The legendary co-founder, bassist and singer of Kiss, Gene Simmons had a brilliant career in music but also gained more recognition as a businessman and an actor. He always was a curious person who loved to learn about new things all the time, so he was always paying attention to everything. That helped him in music since he wasn’t stuck only on a few music genres, he was always trying to listen to new things and that resulted in a broad musical taste.
Over the decades the musician talked a lot about songwriting and even revealed which is his favorite song of all time, which curiously, is not a Rock and Roll track.
The song that Gene Simmons said is his favorite of all time
Gene Simmons always paid tribute to the artists who influenced him and were important for Rock and Roll music but he also loves songs from other genres. As he revealed in an interview with Songwriting Magazine in 2018, his favorite song of all time is “Smile”, written by the famous actor and director Charlie Chaplin.
He mentioned the song when he was asked what were the key components of a great song. “You could say lyrics but there are beautiful melodies, like ‘Sleepwalk’ by Santo & Johnny which doesn’t have lyrics. You can say that it’s a certain point of view, but there are love songs and all kinds of songs. My favorite song is ‘Smile’ by Charlie Chaplin, which is not a love song at all. It’s a wonderful idea, and ‘Yesterday’ (The Beatles) is likewise. So it’s difficult to say what it is,” Gene Simmons said.
“Smile” was written as an instrumental piece by Charlie Chaplin in 1934 being featured in his film “Modern Times”. It was in 1954 that John Turner and Geoffrey Parsons added the lyrics and title to the song. They were written inspired by the lines and themes of the original movie. Since then many other artists covered the song, like Nat King Cole, Tony Bennett and Jimmy Durante.
Chaplin was born in 1889 in London, England and was one of the most important movie directors and actors of all time. He became famous for his funny silent movies like “The Kid” (1921), “Gold Rush” (1925) and “Modern Times” (1936). But is also recalled for post-silent movie features. The most famous one: “The Great Dictator” that was a huge social critic about the World War II.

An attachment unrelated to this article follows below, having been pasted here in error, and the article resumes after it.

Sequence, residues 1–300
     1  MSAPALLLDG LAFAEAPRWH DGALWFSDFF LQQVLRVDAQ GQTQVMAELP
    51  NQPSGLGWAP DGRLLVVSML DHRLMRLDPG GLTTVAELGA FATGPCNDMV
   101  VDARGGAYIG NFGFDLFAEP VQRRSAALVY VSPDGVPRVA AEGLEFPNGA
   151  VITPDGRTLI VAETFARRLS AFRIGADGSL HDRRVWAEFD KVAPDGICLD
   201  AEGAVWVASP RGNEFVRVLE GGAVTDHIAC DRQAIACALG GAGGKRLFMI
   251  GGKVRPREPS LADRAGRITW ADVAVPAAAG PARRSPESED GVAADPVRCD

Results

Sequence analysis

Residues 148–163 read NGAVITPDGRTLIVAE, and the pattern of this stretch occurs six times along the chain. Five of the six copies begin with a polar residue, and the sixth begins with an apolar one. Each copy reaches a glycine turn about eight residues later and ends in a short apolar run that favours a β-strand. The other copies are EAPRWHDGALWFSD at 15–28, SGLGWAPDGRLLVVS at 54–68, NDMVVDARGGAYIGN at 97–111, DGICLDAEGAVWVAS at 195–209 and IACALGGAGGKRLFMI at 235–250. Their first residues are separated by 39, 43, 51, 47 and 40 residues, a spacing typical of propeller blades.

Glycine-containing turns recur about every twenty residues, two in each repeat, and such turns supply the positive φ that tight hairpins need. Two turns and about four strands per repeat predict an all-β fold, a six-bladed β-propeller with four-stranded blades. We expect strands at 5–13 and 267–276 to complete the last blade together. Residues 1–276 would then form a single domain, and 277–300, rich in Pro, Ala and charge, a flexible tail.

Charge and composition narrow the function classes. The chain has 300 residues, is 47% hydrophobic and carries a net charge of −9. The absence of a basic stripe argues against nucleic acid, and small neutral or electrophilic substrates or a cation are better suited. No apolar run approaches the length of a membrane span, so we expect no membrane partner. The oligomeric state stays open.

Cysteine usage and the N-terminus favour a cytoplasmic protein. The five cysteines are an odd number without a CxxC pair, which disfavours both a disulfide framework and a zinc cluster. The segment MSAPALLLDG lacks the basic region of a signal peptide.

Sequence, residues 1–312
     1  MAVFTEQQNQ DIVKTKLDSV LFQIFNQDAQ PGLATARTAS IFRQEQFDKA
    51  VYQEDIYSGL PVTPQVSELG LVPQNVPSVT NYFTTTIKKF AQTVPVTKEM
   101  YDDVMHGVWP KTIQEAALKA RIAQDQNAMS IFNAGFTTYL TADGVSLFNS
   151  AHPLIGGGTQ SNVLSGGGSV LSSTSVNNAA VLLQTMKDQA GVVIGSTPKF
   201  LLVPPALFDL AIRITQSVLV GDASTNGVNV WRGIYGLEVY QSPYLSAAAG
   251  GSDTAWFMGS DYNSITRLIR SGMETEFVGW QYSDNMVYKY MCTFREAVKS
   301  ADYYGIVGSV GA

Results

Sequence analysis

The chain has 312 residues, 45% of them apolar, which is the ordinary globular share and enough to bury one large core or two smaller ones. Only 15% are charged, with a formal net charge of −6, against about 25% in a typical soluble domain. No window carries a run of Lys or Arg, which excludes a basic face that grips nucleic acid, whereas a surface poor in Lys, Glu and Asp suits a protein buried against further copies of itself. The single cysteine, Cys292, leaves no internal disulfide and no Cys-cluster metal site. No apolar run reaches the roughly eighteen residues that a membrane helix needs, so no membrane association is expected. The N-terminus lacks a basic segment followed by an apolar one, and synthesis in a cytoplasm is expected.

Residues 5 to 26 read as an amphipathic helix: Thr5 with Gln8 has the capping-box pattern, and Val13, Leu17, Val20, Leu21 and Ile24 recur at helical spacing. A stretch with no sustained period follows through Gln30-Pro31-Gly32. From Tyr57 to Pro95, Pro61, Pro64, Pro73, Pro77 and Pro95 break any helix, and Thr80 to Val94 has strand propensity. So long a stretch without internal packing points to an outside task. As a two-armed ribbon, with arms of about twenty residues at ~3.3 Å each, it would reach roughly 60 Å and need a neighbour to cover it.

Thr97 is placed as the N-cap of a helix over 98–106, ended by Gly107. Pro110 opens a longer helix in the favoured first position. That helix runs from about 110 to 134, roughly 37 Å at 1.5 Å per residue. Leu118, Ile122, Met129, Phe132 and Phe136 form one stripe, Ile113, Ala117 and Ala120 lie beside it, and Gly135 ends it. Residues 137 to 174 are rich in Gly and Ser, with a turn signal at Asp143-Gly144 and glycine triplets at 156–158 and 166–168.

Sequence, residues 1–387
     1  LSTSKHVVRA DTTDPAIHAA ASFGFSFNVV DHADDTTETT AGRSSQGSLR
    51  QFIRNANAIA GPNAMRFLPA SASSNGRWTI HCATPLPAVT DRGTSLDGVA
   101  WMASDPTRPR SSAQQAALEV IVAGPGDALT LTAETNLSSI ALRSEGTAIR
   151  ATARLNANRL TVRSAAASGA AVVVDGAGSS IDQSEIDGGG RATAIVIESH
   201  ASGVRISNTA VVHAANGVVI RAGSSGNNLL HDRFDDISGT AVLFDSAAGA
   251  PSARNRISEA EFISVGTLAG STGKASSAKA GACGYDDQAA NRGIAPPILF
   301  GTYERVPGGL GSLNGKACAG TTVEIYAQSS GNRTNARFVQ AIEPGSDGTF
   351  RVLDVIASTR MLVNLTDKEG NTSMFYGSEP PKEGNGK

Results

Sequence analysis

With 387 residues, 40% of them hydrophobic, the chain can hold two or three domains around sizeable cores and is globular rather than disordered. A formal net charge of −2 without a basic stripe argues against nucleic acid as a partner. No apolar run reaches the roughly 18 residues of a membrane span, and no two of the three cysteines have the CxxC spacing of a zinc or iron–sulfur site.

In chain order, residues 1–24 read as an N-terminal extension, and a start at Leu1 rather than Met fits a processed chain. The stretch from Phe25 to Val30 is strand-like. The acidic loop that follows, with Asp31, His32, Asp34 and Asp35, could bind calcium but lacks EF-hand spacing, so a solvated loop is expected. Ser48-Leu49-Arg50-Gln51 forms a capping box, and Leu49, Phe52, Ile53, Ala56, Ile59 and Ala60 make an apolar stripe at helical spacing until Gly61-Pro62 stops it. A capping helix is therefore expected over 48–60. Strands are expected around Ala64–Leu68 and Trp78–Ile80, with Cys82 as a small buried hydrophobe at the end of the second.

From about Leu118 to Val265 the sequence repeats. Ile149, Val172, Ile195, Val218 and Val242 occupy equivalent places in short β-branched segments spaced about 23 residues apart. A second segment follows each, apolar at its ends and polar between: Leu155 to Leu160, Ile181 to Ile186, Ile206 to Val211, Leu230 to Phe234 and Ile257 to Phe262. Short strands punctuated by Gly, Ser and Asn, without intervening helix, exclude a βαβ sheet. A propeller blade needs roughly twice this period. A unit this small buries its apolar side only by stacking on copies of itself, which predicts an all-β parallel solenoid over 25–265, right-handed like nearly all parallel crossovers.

He thinks that songs like “Smile” have the sign of a great songwriting
“Smile” wasn’t a one-off music composition. He wrote more than two-dozen published songs and composed nearly 900 minutes of music for movies. Although the song is credited only to him, he had a “musical secretary” which was David Raksin. They co-wrote “Smile” and several other scores. He helped Chaplin to translate his ideas into an orchestral score. Raskin was younger than Chaplin and passed away in 2004 at the age of 92. It was a few decades after Chaplin who died in 1977 at the age of 88.
Talking to Goldmine magazine in 2023, Simmons listed some albums that changed his life. One of them was Patsy Cline’s “Greatest Hits”. The musician said that her music hit him like a truck and she had a song called “Crazy” that he compared with tracks like “Smile” and “Yesterday”. According to him, when a song starts off with the word of its title, it is a sign of great songwriting.
“Her music hit me like a truck running you over, and the more I read about her, the more fascinated I became. She had a song called “Crazy” and in country & western culture. You couldn’t say the word crazy. It was supposed to be vulgar. And here was this janitor by the name of Willie Nelson who wrote ‘Crazy.'”
“By the way, the classic songs, like ‘Yesterday’ or ‘Michelle’ or even the Charlie Chaplin-written song ‘Smile,’ start off with the name of the song. Same thing with ‘Crazy’. That is the sign of great, not just good, but great songwriting,” Gene Simmons said.
Simmons is a prolific songwriter and wrote most of the material Kiss released alongside the guitarist and singer Paul Stanley. They are the only original members who were part of all the albums the band recorded.